NORMALIZING OF STEEL is a heat-treating process that is often considered from both thermal and microstructural standpoints. In the thermal sense, normalizing is an austenitizing heating cycle followed by cooling in still or slightly agitated air. Typically, the work is heated to a temperature about 55 ¡ãC (100 ¡ãF) above the upper critical line of the iron-iron carbide phase diagram, as shown in Fig. 1; that is, above Ac3 for hypoeutectoid steels and above Acm for hypereutectoid steels. To be properly classed as a normalizing treatment, the heating portion of the process must produce a homogeneous austenitic phase (face-centered cubic, or fcc, crystal structure) prior to cooling. Figure 2 compares the time-temperature cycle of normalizing to that of normalizing to that of full annealing.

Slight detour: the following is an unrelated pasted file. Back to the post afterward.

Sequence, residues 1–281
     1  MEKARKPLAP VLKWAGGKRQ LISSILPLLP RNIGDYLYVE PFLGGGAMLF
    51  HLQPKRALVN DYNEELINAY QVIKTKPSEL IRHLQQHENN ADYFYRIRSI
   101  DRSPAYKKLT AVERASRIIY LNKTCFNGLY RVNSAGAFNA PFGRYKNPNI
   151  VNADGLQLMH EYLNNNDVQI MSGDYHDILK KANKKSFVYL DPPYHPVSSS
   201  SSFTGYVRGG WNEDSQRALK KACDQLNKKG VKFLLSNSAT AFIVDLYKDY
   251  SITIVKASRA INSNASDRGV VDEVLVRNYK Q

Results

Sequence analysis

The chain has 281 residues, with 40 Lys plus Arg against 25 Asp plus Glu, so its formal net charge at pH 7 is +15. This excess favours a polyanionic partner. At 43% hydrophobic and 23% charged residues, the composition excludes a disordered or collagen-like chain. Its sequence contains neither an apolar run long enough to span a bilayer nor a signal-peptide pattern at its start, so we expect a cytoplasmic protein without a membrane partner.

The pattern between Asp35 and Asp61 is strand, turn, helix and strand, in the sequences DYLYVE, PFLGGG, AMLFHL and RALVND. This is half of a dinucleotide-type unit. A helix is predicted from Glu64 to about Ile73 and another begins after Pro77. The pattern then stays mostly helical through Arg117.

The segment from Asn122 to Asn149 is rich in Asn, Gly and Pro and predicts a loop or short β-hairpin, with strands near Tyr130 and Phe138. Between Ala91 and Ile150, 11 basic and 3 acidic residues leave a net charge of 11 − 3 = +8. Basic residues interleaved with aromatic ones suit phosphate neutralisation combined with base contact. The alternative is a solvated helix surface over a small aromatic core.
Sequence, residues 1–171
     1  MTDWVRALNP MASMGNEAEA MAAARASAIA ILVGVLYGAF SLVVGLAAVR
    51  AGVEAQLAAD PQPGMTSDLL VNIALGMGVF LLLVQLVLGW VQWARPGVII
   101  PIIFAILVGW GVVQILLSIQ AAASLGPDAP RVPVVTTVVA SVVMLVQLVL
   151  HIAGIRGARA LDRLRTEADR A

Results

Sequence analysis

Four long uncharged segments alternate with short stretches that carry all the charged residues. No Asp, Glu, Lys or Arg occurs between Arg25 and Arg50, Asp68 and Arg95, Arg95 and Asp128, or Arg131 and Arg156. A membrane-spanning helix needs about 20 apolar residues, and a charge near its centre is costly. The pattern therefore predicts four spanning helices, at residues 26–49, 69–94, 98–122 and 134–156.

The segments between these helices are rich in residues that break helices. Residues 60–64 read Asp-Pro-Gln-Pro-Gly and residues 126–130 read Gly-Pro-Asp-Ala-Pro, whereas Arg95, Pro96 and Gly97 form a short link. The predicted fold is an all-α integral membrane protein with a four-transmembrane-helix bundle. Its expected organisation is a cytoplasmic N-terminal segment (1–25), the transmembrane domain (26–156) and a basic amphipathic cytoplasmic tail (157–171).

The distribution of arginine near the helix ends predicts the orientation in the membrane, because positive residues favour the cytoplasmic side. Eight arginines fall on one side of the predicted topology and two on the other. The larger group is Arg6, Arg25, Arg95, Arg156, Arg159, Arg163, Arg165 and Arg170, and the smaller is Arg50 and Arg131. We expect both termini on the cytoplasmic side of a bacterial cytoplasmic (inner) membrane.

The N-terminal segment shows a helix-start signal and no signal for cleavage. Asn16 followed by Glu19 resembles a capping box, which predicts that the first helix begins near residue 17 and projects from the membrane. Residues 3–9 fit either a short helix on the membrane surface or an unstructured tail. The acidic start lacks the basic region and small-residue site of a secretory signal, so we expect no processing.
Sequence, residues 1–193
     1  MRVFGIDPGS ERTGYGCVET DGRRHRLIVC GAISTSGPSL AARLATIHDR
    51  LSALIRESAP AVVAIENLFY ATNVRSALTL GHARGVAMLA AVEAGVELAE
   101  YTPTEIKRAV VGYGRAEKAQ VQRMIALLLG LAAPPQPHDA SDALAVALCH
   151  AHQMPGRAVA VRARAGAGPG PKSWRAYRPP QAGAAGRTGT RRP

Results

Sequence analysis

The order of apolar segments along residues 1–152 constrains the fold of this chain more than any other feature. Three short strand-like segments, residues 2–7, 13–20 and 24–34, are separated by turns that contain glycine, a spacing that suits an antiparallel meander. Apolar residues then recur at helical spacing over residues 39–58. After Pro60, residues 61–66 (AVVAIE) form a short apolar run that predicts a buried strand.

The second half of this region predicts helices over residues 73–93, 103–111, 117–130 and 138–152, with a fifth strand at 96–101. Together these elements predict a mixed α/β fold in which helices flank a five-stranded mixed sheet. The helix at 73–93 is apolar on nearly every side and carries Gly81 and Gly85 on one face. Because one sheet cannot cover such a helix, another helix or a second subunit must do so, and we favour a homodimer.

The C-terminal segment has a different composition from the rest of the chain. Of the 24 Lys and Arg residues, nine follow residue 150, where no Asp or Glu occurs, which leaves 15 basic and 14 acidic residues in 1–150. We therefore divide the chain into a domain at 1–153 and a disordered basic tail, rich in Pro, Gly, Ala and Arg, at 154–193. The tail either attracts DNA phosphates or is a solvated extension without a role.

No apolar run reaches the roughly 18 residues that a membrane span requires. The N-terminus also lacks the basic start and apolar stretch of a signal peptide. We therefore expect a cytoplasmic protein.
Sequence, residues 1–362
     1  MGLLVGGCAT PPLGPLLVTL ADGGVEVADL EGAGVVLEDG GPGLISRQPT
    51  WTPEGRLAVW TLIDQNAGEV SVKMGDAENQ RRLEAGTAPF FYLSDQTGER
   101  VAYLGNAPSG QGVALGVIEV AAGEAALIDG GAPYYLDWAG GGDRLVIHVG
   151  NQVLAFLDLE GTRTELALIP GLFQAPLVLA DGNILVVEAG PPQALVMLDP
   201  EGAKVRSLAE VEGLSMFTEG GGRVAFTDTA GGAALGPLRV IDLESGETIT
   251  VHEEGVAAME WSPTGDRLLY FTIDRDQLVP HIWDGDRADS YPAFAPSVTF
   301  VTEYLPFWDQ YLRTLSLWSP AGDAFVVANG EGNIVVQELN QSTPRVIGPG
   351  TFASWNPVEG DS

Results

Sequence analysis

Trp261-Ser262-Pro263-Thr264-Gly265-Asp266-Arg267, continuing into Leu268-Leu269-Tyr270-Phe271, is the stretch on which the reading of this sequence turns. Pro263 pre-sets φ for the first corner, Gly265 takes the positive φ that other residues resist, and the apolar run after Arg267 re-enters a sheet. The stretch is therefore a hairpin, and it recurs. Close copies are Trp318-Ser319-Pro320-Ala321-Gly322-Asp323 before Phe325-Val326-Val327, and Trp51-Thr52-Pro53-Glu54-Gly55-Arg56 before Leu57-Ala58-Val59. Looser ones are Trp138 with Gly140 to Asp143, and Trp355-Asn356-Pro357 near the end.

Fig. 1 Partial iron-iron carbide phase diagram showing typical normalizing range for plain carbon steels
Fig. 2 Comparison of time-temperature cycles for normalizing and full annealing. The slower cooling of annealing results in higher temperature transformation to ferrite and pearlite and coarser microstructures than does normalizing. Source: Ref 1
Normalizing is also frequently thought of in terms of microstructure. The areas of the microstructure that contain about 0.8% C are pearlitic (lamellae of ferrite and iron carbide). The areas that are low in carbon are ferritic (body-centered cubic, or bcc, crystal structure). In hypereutectoid steels, proeutectoid iron carbide first forms along austenite grain boundaries. This transformation continues until the carbon level in the austenite reaches approximately 0.8%, at which time a eutectoid reaction begins as indicated by the formation of pearlite. Air-hardening steels are excluded from the class of normalized steels because they do not exhibit the normal pearlitic microstructure that characterizes normalized steels.